|Hashimoto Kansetsu (1883-1945) & Kiyomizu Rokubei V (1875-1959)|
Sensukei kashibashi, fanshaped dish, BanzaiSigned: Kansetsu
Technique: fine grey crackled glaze with an aka red overglaze calligraphy with golden edges 26.5 x 20 x 6.8
Box: signed by Kansetsu and Rokubei V
Condition: very good
Kansetsu was born in Kobe from a family of artistic background. His father was a painter, poet and scholar of Chinese classics, his mother an amateur painter and his grandfather a famous haiku poet. Because of his father’s reputation Kansetsu's parental home was a meeting point for artists and scholars from China as well as from Japan. After receiving his first training from his father, Kansetsu studied Shijô painting with Kataoka Kôkô (dates unknown). In 1903 he continued his studies with Takeuchi Seihô, who had just returned from Europe. They never got along really well and finally broke in 1923. From 1913 onwards Kansetsu travelled to China almost every year from 1913. He went to Europe in 1921 and 1927. These trips and his education made him a true bunjin, in the literati tradition.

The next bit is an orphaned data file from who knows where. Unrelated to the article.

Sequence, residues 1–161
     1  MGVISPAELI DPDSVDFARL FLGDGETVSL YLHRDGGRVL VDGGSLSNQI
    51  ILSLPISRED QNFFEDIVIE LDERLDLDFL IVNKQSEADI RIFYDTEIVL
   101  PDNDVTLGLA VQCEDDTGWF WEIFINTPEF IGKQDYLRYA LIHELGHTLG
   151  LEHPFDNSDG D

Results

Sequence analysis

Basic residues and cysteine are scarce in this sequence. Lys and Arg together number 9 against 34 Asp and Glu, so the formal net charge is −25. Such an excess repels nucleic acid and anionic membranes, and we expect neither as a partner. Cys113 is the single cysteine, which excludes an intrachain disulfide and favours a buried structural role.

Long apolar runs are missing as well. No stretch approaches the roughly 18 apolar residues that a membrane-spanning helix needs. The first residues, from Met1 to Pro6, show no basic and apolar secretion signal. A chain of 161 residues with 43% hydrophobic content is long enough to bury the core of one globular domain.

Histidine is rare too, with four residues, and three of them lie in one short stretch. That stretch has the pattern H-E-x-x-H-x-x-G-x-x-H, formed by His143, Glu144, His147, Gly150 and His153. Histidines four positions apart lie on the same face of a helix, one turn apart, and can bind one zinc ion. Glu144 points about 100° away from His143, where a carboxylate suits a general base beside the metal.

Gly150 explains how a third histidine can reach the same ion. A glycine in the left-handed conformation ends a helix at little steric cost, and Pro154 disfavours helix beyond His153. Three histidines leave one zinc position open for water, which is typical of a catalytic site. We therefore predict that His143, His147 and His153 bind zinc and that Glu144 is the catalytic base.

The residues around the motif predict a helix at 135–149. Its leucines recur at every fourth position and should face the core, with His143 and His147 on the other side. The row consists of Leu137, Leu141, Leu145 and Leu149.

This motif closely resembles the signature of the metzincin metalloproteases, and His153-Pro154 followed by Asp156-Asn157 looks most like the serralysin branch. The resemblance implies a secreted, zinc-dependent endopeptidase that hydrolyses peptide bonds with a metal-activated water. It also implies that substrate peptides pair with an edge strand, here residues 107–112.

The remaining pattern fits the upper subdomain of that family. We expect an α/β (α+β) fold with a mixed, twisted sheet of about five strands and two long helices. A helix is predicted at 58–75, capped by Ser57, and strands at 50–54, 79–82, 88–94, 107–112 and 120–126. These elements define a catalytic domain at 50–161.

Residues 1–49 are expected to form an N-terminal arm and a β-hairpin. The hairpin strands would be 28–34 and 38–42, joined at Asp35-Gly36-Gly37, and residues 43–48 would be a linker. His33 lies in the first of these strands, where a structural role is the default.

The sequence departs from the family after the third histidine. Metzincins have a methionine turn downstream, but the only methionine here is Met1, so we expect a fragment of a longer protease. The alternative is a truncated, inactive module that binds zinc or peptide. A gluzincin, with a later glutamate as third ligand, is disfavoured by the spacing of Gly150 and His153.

Kansetsu was a member of the Art Comity of the Imperial household and Imperial Art Academy, and a constant exhibiter at the Bunten.
Conant pp. 293-294
Berry & Morioka ‘99 pp. 224-29
Berry & Morioka ‘08 pp. 261-63
Roberts p. 41
Rokubei V (Shôrei) (1875-1959) was the second son of Kiyomizu Rokubei IV.
Rokubei V studied Shijô painting with Kôno Bairei (1844-1895). His artist name Go: Shôrei. Kikuchi Hôbun (1862-1918), Taniguchi Kôkyô (1864-1915), Takeuchi Seihô (1864-1942) and Tsuji Kakô (1870-1931) were his classmates. He also studied at the Kyoto Prefectural School of Painting, and studied ceramic techniques with his father after graduation. His career as a ceramic artist began when he won a prize at the Fourth Domestic Industrial Exposition in 1895. He studied glazing techniques at the Kyoto Municipal Ceramic Laboratory established in 1896 and organized the Promoting Society for Craft Workers (Shokkô Shôrei-kai) with designer Kikuchi Sokû at the Laboratory in 1899. He actively worked on the study and research of new glazing techniques and (Western) designs. When Rokubei IV retired, he inherited the title and became Rokubei V in 1913. He exhibited at the Nôten, the Design and Applied Artworks Exhibition sponsored by the Ministry of Agriculture and Commerce and the Teiten, the Imperial Art Academy Exhibition. He also became a member of the Imperial Art Academy and played an important role as a leading figure of the craft world. In 1945 he retired and took the artist’s name Rokuwa.
Kyoto ‘03, ’Sekka’ p. 326 ff.
Availability: On Request